Access to the Past

Access to the Past: A New Tribal-Friendly Approach Explains Old Archives

I am as said Hasmin cheldrew

Meaningless, right? But that was how a signature line in a 19th century Eastern Pequot petition against the sale of reservation land had been transcribed. Due in part to the illegibility that comes with a photocopy of a photocopy of a photocopy, this nonsensical phrase had slipped through the cracks and made its way into the hundreds of linear feet of evidence presented to the Bureau of Indian Affairs (BIA) as part of the Eastern Pequot tribe’s bid for federal acknowledgement in 1998.

No one’s fault, considering the vast amount of documentation submitted, but a curious phrase, a riddle that even a high-quality digital image of the original couldn’t solve. It wasn’t until Native and non-Native researchers collaborated, poring over the material in 2002 that a far more reasonable answer emerged for us: Tamar S and Har nin cheldren.

Tamar S., or Tamar Sebastian, was the progenitor of one of the largest tribal families and this signature placed the family on the reservation decades earlier than previously thought, validating family oral traditions, correcting former BIA conclusions and adding to a new body of evidence. We worked as part of the Eastern Pequot Federal Acknowledgment Petition Team to locate and analyze this critical evidence to gain both a positive preliminary decision and a positive final decision for the tribe.

While this is only one example of the transformative power of an accurately transcribed document assisted by tribal insights, it served as the genesis of the Indian Papers Project at Yale University, a collaborative scholarly editing endeavor with associated research initiatives.

What the federal acknowledgement process also demonstrated to us was a problem many Native communities face – a general lack of access to historical records written by, for and about them. This is especially true for Indians in New England whose rich but fragmented and widely dispersed documentary record goes back at least four centuries.

Providing Access to the Archives

The Yale Indian Papers Project began to take shape when a group of tribal community leaders, educators and scholars informally assembled together with academics and scholarly researchers to address these issues. The original idea was to publish a resource book of transcriptions of crucial documents: Connecticut State Library’s Connecticut Archives Indian Papers Series, a 200-year record of Connecticut’s legislative Indian policy.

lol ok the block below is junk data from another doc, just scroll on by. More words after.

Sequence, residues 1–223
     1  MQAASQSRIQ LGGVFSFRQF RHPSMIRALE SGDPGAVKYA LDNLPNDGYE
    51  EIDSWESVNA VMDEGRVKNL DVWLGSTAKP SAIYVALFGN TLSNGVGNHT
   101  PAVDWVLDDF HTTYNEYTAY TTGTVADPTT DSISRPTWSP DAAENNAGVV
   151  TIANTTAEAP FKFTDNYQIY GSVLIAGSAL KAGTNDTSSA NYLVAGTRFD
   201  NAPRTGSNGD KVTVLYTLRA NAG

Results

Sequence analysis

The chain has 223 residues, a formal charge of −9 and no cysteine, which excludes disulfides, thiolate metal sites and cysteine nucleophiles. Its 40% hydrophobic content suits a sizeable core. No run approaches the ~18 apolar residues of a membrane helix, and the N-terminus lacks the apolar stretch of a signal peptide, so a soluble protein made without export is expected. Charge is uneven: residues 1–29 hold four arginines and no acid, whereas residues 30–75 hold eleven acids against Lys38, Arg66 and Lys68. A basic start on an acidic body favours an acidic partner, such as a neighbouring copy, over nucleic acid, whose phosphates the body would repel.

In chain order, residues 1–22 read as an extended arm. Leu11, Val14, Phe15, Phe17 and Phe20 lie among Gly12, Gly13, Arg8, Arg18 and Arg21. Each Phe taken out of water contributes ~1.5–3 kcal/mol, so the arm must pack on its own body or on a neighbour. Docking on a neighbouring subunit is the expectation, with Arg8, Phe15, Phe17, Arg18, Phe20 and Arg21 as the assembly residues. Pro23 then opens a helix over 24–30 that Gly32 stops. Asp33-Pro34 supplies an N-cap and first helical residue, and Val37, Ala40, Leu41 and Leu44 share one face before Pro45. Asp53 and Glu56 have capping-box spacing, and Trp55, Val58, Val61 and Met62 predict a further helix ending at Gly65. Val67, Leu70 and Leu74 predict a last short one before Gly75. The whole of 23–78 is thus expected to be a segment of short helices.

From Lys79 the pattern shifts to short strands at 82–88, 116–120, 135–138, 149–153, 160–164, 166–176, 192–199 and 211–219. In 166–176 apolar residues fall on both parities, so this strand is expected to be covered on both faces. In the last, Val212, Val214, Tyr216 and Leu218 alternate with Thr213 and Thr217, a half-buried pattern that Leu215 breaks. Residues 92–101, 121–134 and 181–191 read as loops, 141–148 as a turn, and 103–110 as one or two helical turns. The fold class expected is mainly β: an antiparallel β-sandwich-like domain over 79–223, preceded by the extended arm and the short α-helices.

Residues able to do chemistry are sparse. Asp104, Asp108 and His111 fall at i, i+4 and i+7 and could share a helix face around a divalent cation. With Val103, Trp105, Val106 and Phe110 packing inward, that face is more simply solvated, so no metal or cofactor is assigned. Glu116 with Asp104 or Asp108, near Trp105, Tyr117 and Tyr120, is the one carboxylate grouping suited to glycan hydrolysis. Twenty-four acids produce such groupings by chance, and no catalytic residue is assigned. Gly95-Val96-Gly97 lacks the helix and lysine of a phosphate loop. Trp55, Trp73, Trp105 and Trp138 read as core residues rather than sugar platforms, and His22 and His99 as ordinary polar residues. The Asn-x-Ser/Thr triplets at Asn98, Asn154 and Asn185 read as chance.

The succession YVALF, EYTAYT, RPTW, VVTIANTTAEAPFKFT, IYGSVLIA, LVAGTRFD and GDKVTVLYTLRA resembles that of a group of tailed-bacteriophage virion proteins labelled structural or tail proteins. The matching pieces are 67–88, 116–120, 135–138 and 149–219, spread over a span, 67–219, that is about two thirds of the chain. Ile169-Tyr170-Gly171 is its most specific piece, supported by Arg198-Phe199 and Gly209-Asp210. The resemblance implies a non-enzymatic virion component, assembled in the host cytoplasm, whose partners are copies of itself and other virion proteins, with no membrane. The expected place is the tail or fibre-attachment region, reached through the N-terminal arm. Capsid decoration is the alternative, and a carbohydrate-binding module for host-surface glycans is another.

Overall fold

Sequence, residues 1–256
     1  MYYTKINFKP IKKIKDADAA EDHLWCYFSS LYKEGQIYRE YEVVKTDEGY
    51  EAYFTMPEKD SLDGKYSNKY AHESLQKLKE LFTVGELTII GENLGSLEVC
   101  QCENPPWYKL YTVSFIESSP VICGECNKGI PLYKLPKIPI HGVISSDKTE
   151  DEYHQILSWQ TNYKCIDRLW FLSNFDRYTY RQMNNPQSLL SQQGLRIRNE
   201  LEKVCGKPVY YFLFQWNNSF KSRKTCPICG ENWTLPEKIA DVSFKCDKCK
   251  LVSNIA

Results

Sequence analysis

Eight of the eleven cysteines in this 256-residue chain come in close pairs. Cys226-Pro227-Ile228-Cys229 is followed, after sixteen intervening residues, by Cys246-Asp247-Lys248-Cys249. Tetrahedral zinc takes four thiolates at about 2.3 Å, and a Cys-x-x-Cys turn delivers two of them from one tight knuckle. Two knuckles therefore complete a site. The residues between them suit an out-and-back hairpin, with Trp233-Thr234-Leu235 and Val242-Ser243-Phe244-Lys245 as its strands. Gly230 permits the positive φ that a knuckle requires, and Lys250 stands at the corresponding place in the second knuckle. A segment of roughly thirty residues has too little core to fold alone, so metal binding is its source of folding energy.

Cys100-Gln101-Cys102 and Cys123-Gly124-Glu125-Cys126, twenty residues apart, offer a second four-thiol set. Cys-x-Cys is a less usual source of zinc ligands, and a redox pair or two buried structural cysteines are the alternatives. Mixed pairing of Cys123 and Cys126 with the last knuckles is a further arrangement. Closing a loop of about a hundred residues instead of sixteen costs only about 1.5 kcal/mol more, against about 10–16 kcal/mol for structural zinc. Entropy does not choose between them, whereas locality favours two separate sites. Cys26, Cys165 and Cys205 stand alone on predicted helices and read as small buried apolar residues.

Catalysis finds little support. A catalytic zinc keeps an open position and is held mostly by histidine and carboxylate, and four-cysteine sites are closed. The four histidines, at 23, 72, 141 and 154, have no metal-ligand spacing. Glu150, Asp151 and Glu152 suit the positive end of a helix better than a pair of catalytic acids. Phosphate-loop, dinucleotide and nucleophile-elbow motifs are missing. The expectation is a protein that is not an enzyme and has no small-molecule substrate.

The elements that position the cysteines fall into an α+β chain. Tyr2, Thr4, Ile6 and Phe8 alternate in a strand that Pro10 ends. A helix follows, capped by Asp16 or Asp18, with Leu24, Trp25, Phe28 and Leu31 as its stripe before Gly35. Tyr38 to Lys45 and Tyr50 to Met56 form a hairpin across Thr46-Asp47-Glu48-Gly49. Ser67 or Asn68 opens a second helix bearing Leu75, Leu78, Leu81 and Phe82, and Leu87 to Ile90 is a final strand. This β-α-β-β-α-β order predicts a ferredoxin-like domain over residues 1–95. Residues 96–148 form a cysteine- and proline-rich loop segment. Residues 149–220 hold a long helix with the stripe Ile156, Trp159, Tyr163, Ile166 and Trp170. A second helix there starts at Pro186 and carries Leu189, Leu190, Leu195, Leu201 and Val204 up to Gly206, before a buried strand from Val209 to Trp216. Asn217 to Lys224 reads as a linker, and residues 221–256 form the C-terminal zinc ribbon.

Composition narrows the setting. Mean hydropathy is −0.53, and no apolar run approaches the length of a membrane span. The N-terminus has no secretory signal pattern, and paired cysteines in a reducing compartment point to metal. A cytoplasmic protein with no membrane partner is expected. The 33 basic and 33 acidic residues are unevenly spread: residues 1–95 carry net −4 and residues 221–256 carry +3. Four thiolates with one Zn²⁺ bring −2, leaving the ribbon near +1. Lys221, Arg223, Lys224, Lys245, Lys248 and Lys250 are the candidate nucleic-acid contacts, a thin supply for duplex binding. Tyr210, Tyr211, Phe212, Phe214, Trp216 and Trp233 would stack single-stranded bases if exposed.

The Project came to Yale in 2002 at a time of particular turmoil in New England Indian Country. By then the bombastic statements of local politicians and casino partisans that there were no longer any true Indians in New England reinforced the erroneous trope of the “vanishing Indian.” But it was now coupled with overt racist thinking. However false, the message began to gain some traction in Connecticut towns, especially in an atmosphere fraught with the reaction to the rapidly growing Indian gaming industry. The lack of a visibly documented past made attempts at tribal erasure easier.

Our response was something academic but something that addressed social justice issues: a free-access scholarly editing project done to the highest professional standards.

Our website ( offers high-quality images of documents that can be panned and magnified and two forms of transcriptions. Many community elders wanted more easily to read the documents about their ancestors, especially when the materials were written in almost undecipherable handwriting. For them, we offer word for word transcriptions (typographical facsimiles) that include crossouts, raised text, misspellings and line breaks, all faithful to the original manuscript.

For other researchers, we provide text with regularized spelling and punctuation for easier reading and effective word searches. Also included are hyperlinked biographies of every person mentioned in a document and geographies of Native and non-Native spaces that will ultimately be geo-referenced. In certain instances, we will link commentaries providing various interpretations or insights from a broad range of scholars. We are presently working on providing means for video commentary from a number of tribal elders.

Paul Grant-Costa, the executive editor of the Yale Indian Papers Project, holds degrees in law, history and linguistics. During the past 35 years, he has worked extensively with Native communities in New England on a variety of legal and historical concerns. Tobias Glaza is the assistant executive editor of the Yale Indian Papers Project. For the past 20 years, he has worked with tribal communities in the Upper Midwest and New England on issues of natural resource conservation, land management and history.

The Yale Indian Papers Project is funded, in part, by the National Endowment for the Humanities (NEH), the National Historical Publications and Records Commission (NHPRC), the Andrew W. Mellon Foundation, and the Council on Library and Information Resources (CLIR).